• Stephen H. Fairclough
  • Chelsea Dobbins


Mobile technology and wearable sensors can provide objective measures of psychological stress in everyday life. Data from sensors can be visualized and viewed by the user to increase self-awareness and promote adaptive coping strategies. A capacity to effectively self-regulate negative emotion can mitigate the biological process of inflammation, which has implications for long-term health. Two studies were undertaken utilizing a mobile lifelogging platform to collect cardiovascular data over a week of real-life commuter driving. The first was designed to establish a link between cardiovascular markers of inflammation and the experience of anger during commuter driving in the real world. Results indicated that an ensemble classification model provided an accuracy rate of 73.12% for the binary classification of episodes of high vs. low anger based upon a combination of features derived from driving (e.g. vehicle speed) and cardiovascular psychophysiology (heart rate, heart rate variability, pulse transit time). During the second study, participants interacted with an interactive, geolocated visualisation of vehicle parameters, photographs and cardiovascular psychophysiology collected over two days of commuter driving (pre-test). Data were subsequently collected over two days of driving following their interaction with the dynamic, data visualization (post-test). A comparison of pre- and post-test data revealed that heart rate significantly reduced during episodes of journey impedance after interaction with the data visualization. There was also evidence that heart rate variability increased during the post-test phase, suggesting greater vagal activation and adaptive coping. Subjective mood data were collected before and after each journey, but no statistically significant differences were observed between pre- and post-test periods. The implications of both studies for ambulatory monitoring, user interaction and the capacity of personal informatics to enhance long-term health are discussed.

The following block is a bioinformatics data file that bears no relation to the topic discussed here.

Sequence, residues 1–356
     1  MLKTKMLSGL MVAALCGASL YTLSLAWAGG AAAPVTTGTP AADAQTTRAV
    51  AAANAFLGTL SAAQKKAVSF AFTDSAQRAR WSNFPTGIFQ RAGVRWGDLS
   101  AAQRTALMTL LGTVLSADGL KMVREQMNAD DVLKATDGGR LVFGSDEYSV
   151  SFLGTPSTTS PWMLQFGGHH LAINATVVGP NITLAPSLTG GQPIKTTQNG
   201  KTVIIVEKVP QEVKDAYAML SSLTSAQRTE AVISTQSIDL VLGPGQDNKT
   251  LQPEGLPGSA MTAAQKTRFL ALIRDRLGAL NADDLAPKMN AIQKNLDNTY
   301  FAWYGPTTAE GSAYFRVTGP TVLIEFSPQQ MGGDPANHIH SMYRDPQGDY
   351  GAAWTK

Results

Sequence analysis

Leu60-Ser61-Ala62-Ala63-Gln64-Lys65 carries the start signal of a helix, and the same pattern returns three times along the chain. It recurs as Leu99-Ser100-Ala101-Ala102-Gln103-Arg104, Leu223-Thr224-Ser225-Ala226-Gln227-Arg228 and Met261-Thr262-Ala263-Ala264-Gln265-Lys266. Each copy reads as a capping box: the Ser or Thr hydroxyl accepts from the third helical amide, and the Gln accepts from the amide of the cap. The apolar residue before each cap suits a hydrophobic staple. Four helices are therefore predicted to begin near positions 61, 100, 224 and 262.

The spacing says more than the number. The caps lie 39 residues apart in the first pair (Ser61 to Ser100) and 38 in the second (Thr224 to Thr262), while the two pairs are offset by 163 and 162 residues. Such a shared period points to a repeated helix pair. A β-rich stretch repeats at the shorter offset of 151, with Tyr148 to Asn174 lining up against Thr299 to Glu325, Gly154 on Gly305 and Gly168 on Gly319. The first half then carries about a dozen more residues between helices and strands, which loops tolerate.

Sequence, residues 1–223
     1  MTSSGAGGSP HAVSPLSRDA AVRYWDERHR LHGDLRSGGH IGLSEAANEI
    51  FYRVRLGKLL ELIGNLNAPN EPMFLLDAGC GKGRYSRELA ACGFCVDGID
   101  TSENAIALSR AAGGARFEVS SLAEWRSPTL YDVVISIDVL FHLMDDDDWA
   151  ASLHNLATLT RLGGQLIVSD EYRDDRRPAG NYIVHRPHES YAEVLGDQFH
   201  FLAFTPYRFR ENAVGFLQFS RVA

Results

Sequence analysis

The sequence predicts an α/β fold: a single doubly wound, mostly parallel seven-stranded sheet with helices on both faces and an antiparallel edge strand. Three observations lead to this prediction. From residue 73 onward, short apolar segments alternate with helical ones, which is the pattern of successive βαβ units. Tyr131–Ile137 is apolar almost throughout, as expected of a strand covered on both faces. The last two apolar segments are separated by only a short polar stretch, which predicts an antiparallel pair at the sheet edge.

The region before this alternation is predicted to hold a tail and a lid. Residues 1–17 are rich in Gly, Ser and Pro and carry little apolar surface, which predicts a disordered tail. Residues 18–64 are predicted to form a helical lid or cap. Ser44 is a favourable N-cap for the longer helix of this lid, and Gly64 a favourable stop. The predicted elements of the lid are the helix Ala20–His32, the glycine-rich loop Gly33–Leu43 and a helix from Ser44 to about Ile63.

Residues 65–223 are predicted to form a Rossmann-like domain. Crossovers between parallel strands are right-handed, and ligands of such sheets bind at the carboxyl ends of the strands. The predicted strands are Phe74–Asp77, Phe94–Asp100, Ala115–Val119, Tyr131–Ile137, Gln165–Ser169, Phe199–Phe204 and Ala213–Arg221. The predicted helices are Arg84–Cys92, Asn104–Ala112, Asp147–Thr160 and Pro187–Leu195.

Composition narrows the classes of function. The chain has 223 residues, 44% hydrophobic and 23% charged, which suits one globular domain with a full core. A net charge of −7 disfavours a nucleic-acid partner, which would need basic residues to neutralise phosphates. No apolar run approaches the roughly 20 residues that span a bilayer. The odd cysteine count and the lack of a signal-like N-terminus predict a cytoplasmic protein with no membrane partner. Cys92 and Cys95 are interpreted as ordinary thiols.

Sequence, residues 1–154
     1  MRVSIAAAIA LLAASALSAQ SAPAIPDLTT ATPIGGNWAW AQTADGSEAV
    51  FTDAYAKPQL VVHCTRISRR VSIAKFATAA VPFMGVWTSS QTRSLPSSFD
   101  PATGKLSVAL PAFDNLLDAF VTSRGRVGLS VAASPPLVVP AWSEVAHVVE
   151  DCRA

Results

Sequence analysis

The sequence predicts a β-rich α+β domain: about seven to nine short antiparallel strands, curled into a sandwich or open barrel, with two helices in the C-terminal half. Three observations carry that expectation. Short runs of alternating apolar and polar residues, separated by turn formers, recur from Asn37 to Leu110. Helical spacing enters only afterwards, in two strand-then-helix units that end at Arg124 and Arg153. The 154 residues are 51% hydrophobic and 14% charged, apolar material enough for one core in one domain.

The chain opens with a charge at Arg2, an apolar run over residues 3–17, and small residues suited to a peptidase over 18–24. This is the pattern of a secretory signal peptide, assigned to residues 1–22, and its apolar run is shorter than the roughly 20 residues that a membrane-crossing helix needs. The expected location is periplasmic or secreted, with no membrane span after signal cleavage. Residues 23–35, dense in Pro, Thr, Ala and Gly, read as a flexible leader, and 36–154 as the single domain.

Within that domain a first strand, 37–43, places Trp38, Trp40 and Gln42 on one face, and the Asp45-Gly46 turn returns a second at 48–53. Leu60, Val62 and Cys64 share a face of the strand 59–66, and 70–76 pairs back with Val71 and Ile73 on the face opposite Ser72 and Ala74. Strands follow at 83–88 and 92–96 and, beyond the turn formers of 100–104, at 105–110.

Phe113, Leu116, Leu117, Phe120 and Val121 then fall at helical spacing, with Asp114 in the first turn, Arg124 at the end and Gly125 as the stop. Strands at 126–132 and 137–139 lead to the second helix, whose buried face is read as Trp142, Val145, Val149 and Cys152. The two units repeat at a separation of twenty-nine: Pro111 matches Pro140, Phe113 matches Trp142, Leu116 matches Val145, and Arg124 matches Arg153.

The SELF Institute